Zen Mind, Beginner's Mind
12-14-12 - I just returned from leading a retreat in
the Alps of Switzerland. There is a lovely sangha developing there and
they wanted to go back and use ZMBM as the text. One of the great
advantages is that we could have the English and the French versions
available. We had a wonderful retreat, this being my fourth year. A small
photo and poem is attached, which I sent with a message to my home sangha.
Today, Sunday, was our final day of retreat. Turning things around, I presented the participants with two poems by the Zen poet Ryokan (1758-1831), both in French. Rather than presenting my dharma talk in English and being translated, I asked the group to translate the poems back to me in English and then teach me what they had to say. Here is the final short poem and a few brief comments that reflect a small bit of what emerged.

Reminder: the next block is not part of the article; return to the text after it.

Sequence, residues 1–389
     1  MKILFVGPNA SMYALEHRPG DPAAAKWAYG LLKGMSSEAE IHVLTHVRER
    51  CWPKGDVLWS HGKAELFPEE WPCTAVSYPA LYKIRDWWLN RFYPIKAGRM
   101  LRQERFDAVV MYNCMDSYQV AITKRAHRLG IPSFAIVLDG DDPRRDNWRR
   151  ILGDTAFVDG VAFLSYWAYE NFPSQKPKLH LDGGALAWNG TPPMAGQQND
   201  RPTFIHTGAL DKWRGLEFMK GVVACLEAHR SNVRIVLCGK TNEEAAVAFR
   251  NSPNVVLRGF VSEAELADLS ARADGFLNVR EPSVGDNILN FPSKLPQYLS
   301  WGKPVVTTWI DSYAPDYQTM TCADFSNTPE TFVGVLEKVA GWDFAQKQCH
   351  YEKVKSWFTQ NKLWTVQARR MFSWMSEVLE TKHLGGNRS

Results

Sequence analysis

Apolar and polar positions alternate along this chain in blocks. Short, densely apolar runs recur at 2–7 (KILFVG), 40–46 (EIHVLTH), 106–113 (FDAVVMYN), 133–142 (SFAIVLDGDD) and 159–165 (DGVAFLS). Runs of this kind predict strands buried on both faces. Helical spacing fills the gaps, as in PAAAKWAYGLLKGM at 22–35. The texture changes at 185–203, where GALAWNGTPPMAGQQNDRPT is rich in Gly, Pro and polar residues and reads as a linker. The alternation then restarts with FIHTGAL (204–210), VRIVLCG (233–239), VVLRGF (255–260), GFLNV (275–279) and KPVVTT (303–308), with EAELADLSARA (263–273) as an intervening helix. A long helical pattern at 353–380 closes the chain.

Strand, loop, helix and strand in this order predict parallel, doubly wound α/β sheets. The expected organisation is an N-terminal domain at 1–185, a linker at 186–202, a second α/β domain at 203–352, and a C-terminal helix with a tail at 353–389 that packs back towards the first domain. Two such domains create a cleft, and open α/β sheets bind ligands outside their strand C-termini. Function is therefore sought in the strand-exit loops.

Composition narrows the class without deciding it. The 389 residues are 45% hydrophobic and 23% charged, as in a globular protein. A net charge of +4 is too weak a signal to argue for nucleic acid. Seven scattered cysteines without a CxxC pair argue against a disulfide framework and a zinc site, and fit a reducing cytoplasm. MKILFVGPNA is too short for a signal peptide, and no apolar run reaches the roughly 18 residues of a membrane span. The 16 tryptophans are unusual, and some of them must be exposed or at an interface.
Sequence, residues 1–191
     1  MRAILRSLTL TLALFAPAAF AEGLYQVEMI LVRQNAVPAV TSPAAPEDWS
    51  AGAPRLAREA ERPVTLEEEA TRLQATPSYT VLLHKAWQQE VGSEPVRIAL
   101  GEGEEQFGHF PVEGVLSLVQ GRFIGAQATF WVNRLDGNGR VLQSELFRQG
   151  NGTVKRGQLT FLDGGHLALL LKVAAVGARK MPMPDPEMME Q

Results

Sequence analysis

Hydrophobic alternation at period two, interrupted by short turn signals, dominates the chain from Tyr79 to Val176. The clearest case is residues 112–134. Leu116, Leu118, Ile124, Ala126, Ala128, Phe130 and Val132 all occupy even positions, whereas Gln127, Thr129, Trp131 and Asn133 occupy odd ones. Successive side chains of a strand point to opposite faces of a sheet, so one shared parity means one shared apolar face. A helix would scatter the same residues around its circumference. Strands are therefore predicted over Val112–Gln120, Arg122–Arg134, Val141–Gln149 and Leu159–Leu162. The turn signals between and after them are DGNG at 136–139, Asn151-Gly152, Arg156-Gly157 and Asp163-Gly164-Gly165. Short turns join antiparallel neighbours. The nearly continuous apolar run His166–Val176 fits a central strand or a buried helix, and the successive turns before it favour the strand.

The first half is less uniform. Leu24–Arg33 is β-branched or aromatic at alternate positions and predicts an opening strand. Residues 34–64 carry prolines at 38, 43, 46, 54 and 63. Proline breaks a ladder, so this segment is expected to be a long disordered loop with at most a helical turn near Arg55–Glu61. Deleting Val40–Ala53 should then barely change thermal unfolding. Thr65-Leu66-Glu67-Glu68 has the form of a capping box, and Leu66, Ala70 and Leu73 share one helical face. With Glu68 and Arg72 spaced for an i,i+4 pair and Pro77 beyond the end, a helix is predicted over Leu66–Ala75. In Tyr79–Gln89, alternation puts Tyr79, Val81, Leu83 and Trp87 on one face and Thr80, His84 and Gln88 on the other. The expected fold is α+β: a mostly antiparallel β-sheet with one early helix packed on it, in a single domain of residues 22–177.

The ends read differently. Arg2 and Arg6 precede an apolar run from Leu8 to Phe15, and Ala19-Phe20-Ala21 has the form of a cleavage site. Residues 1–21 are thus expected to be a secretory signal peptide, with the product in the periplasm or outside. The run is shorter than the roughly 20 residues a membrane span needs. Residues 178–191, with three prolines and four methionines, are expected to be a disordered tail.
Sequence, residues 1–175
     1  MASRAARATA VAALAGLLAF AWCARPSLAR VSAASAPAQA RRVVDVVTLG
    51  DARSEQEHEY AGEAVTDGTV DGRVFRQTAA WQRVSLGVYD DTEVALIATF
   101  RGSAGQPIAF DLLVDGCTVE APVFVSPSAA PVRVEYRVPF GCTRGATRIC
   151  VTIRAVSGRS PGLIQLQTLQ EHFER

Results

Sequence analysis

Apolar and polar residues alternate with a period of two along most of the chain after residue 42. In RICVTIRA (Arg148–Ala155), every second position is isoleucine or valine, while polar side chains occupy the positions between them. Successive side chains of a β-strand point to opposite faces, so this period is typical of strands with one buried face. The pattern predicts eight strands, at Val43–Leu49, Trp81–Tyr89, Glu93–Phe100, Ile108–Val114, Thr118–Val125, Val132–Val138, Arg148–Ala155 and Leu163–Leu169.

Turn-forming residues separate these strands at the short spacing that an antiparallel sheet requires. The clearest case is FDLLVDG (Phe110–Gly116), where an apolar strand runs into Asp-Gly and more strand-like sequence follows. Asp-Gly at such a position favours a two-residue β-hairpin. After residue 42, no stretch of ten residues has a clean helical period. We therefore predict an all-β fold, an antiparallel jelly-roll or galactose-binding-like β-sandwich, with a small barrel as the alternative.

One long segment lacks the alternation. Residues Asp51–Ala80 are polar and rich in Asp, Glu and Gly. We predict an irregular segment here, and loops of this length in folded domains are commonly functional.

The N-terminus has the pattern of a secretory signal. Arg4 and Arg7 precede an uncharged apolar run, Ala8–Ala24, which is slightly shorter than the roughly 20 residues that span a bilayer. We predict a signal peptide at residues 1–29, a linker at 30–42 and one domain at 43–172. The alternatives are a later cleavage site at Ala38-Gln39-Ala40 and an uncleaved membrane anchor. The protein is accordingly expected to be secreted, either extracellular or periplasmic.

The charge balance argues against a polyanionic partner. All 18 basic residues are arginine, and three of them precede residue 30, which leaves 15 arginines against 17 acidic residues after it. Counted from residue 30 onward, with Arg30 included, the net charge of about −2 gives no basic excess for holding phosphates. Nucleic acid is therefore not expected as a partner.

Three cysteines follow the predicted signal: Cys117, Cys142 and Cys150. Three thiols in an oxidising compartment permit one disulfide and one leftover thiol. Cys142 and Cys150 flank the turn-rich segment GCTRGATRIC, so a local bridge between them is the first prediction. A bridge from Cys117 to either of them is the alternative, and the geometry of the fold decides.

Dans mon bol de mendiant
My poor translation:
In my begging bowl
The poet speaks of his begging bowl in which he would typically receive nourishment. It is now a vessel for offering a gift. In it we find cut flowers, not beautiful arranged bouquets. This mixture includes both violets and dandelions—beautiful and ordinary, cultivated and weed, sweet and bitter—all parts included. This is what the poet offers the Buddhas.
Like the poet with his mix of flowers, we can offer the jumble of our many parts, just as we are, without apology. We have the choice to avow who and what we are and come forward wholeheartedly, or remain contained in the tangle of past conditioning and karma. Making such an offering—bitter, sweet, ordinary and beautiful—is a very respectable offering, worthy of the Buddhas of the past, present and future. May we continually make this radical choice for the benefit of all beings.
With a warm farewell from these cold mountains,
P.S. This small bowl, passed down from Sophie's grandmother, contains an orchid that had been broken from its stem in transit to the retreat. It rests on a copy of Suzuki Roshi's calligraphy for "beginner's mind."